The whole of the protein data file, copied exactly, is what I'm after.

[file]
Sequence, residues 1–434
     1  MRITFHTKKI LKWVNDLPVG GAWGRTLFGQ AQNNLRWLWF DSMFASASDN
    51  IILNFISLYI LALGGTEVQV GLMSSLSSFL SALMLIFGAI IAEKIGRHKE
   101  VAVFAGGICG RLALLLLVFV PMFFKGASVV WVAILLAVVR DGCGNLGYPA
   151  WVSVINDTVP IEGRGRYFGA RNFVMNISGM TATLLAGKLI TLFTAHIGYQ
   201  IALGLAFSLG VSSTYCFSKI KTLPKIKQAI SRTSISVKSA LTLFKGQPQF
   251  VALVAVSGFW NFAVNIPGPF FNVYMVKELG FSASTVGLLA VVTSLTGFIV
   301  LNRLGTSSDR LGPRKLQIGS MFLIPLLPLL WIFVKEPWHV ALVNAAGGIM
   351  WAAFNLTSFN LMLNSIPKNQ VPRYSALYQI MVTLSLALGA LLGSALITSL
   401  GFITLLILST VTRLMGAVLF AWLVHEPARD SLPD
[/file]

Sequence, residues 1–434
     1  MRITFHTKKI LKWVNDLPVG GAWGRTLFGQ AQNNLRWLWF DSMFASASDN
    51  IILNFISLYI LALGGTEVQV GLMSSLSSFL SALMLIFGAI IAEKIGRHKE
   101  VAVFAGGICG RLALLLLVFV PMFFKGASVV WVAILLAVVR DGCGNLGYPA
   151  WVSVINDTVP IEGRGRYFGA RNFVMNISGM TATLLAGKLI TLFTAHIGYQ
   201  IALGLAFSLG VSSTYCFSKI KTLPKIKQAI SRTSISVKSA LTLFKGQPQF
   251  VALVAVSGFW NFAVNIPGPF FNVYMVKELG FSASTVGLLA VVTSLTGFIV
   301  LNRLGTSSDR LGPRKLQIGS MFLIPLLPLL WIFVKEPWHV ALVNAAGGIM
   351  WAAFNLTSFN LMLNSIPKNQ VPRYSALYQI MVTLSLALGA LLGSALITSL
   401  GFITLLILST VTRLMGAVLF AWLVHEPARD SLPD